A 2016 Physicians Foundation survey uncovered that about 90 percent of patients feel satisfied with their primary care provider. Yet they oftentimes choose not to see them because of their patient financial responsibility. One in four patients reported skipping a medical treatment or follow-up appointment and another 27 percent stated that they have skipped filling prescriptions altogether to save on healthcare costs.
Providers at Excelsior Springs Hospital heard similar patient concerns. Houck noted that providers encountered patients expressing concerns about high deductibles and copayments on a daily basis.
Consequently, she decided to engage providers as well as revenue cycle management staff with the patient collection strategy.
“They are trying to meet the needs and make sure these patients go in,” she stated. “If people delay testing sometimes they end up having more serious healthcare events that happen. We wanted to make sure that the physicians were involved from the start and to know that there are options out there for their patients who are afraid of tests or surgeries because of the financial portion.”
The CarePayment plans also help the hospital to collect outstanding medical bills. If a patient account is delinquent at 45 days, the hospital sends the account to the vendor for collections. The hospital saves the administrative and cost burdens of operating an in-house delinquent collections process.
However, Excelsior Springs Hospital is unique with its 45-day patient collection strategy. A recent MGMA poll revealed that 43 percent of practice leaders and providers wait between 91 and 120 days before sending a patient account to collection. Another 32 percent wait 120 or more days.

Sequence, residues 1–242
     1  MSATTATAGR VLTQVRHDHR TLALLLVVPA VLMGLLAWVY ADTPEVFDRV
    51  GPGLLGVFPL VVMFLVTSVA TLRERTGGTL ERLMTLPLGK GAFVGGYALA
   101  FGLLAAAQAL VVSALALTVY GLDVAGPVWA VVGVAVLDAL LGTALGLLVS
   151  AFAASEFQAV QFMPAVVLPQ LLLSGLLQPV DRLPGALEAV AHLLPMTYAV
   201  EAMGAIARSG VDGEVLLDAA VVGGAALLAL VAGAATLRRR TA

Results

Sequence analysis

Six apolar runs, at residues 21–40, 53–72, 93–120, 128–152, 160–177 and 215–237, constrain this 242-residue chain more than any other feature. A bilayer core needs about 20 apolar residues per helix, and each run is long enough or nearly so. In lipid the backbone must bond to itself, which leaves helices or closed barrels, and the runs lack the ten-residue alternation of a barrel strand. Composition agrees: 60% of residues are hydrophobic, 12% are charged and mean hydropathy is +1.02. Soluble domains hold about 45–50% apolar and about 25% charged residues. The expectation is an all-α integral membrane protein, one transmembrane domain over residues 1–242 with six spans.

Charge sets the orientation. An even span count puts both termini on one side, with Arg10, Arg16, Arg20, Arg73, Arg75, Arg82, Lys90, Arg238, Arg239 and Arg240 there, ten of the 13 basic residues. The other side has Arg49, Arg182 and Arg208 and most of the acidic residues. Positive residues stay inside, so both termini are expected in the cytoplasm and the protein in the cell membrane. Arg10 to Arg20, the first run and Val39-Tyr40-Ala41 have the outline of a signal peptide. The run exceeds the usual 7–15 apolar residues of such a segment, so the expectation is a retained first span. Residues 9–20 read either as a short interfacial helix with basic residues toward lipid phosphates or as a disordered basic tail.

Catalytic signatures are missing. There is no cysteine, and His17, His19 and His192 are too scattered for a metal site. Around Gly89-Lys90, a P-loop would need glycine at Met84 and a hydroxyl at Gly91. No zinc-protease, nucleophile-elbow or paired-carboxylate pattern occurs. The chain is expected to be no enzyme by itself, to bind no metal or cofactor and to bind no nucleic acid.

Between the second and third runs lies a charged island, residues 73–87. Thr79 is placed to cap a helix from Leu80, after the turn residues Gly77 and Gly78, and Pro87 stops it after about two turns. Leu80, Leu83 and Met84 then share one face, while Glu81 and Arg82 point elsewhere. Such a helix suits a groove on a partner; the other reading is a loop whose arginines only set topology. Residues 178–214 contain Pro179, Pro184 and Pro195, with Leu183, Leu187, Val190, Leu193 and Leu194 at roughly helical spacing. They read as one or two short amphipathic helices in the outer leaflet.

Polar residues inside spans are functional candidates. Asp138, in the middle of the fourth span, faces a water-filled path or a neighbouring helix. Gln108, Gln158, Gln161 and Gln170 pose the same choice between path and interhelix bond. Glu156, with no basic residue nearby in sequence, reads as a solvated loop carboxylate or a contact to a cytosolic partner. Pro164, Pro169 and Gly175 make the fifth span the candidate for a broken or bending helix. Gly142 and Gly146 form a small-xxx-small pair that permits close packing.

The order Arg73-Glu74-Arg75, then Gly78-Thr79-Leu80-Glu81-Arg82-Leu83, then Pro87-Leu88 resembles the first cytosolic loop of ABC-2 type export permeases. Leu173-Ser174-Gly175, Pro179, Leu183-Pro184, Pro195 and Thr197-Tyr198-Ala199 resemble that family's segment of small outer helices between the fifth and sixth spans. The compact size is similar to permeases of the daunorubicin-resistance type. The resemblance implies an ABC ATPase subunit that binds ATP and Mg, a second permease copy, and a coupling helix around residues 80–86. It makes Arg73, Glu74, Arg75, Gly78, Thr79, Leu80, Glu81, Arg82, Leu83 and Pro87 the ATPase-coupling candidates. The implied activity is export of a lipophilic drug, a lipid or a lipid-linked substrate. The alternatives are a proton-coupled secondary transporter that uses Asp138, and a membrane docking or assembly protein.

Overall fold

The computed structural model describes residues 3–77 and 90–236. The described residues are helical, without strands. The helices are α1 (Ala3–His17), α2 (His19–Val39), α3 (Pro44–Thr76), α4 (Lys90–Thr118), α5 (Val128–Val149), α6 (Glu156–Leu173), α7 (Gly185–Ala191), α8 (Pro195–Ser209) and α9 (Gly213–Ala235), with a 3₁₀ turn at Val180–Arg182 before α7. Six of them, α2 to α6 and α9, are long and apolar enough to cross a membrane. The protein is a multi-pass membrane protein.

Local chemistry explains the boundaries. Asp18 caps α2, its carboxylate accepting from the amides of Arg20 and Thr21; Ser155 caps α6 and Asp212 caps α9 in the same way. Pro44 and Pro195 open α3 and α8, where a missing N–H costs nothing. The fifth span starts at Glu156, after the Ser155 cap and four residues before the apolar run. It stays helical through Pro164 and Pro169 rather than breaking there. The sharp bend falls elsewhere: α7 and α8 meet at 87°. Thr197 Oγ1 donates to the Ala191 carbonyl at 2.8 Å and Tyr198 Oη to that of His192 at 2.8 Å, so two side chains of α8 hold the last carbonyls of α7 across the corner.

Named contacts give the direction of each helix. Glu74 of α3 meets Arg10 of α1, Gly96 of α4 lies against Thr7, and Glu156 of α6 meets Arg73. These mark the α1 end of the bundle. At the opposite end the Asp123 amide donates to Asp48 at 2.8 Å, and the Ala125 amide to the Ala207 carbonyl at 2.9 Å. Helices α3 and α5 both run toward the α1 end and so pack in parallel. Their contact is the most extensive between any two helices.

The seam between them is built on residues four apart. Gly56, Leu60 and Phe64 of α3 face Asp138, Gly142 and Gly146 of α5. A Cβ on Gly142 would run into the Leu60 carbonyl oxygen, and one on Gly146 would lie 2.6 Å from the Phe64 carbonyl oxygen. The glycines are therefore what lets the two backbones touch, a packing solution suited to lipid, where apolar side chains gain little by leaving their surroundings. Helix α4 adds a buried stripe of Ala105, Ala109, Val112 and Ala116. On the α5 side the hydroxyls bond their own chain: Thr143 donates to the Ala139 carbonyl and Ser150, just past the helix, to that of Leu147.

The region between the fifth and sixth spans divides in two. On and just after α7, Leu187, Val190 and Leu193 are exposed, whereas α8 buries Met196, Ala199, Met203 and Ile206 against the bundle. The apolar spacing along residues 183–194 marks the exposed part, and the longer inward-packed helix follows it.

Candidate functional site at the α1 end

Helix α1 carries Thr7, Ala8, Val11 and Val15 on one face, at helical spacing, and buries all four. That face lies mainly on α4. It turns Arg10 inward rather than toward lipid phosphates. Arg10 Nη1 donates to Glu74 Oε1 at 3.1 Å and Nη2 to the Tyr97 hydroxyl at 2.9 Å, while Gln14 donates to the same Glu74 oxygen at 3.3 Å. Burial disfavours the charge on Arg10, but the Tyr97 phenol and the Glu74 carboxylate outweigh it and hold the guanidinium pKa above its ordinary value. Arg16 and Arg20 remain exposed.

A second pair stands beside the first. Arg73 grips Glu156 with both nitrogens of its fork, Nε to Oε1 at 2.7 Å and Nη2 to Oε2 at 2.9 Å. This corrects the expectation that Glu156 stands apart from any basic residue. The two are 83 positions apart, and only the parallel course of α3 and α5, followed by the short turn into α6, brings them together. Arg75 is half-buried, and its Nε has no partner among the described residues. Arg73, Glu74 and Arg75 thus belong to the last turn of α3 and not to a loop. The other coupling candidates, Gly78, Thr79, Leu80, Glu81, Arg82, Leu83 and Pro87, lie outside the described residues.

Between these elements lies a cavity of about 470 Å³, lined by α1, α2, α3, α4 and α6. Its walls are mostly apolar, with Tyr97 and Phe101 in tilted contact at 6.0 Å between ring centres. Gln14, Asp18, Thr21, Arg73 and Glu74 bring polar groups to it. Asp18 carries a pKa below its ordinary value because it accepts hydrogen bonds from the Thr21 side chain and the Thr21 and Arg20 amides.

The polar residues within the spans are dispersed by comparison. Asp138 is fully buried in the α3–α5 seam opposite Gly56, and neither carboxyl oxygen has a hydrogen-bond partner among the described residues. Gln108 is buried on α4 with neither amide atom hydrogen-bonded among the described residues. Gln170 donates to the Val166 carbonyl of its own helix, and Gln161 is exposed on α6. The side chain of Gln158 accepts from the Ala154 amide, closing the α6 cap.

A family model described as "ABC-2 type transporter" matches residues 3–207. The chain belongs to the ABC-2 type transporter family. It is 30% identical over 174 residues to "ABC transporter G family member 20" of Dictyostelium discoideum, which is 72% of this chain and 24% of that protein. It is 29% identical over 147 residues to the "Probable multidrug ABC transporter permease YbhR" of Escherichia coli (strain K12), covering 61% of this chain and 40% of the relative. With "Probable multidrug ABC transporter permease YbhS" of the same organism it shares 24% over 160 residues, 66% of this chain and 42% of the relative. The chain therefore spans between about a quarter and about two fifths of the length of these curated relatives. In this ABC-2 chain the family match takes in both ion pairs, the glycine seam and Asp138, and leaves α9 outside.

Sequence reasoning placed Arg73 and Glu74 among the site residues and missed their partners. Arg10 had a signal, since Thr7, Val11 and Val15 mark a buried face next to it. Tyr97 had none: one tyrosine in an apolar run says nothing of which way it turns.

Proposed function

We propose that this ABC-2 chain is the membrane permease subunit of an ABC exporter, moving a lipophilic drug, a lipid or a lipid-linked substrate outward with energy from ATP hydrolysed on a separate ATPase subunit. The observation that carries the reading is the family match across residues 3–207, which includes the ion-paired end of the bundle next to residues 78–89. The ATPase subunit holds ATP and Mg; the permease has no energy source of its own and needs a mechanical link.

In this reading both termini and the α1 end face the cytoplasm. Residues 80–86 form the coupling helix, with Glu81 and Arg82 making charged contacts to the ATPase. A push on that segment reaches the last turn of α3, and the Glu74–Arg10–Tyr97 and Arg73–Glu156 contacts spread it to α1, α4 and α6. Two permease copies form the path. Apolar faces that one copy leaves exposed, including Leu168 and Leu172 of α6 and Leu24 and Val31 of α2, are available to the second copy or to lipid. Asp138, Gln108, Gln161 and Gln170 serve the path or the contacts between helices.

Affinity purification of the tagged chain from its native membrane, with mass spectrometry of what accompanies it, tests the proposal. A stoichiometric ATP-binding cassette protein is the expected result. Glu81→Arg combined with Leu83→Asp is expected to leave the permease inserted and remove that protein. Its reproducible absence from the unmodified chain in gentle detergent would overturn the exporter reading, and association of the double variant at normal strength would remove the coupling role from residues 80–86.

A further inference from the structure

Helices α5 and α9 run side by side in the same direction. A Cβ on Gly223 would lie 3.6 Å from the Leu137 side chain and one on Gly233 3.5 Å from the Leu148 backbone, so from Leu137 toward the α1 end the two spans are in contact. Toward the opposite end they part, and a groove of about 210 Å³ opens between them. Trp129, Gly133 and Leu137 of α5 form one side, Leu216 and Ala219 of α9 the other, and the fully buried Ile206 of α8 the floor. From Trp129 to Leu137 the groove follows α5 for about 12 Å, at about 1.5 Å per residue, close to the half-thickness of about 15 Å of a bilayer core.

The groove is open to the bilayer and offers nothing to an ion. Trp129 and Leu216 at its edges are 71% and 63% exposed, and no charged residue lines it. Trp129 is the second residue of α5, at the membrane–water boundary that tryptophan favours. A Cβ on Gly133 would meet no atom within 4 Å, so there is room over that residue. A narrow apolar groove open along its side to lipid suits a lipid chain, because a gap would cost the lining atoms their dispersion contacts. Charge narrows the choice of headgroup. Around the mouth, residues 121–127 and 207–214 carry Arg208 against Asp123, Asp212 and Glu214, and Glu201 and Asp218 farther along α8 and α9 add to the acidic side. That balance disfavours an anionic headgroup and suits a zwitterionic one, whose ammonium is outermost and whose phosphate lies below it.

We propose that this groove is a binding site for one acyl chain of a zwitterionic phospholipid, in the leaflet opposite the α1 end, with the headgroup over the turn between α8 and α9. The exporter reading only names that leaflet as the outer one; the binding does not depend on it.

Only 2 percent of respondents stated that they send patient accounts to collection before 60 days.
At Excelsior Springs Hospital, 45 days is enough time for hospital staff to contact patients about their financial responsibility after claims adjudication, Houck explained. The timeframe also allows hospital staff to present patients with the payment plan opportunity if an upfront payment is not possible.
“The key to it is educating as many people as possible about it. Not only were the billers, admitting clerks, and financial staff educated on it, but also nurses and physicians.”
While the hospital is fairly new to the patient collection plan strategy, Houck noted that hospital staff and provider education has been crucial to successfully implementing the program.
“The key to it is educating as many people as possible about it,” she said. “Not only were the billers, admitting clerks, and financial staff educated on it, but also nurses and physicians.”
“We opened it up to anyone at the hospital who wanted to come and hear about the programs we are offering our patients,” she continued. “Sometimes a staff member may hear a doctor say you need another test or you need something else. So, that person might be the one who will be the direct link to help the patient seek out someone in the financial department.”
Patient education is also crucial to ensure patients sign up for the payment plans before the hospital sends delinquent payments to collections. The hospital advertises the patient collection plans on bulletins in their facility and on their website. Patients can also speak directly with a financial counselor upon admission.
Houck pointed out that educating their patients at health fairs has also proven effective. The hospital has partnered with CarePayment to set up an educational booth at the fairs. Patients can learn about patient collection options before they encounter a healthcare crisis.
As time goes on, Houck aims for the patient collection plan strategy to educate patients about their financial options when it comes to healthcare. More patients may see out-of-pocket costs rise under high-deductible health plans, but the hospital intends to continue providing high-quality care, including financial care.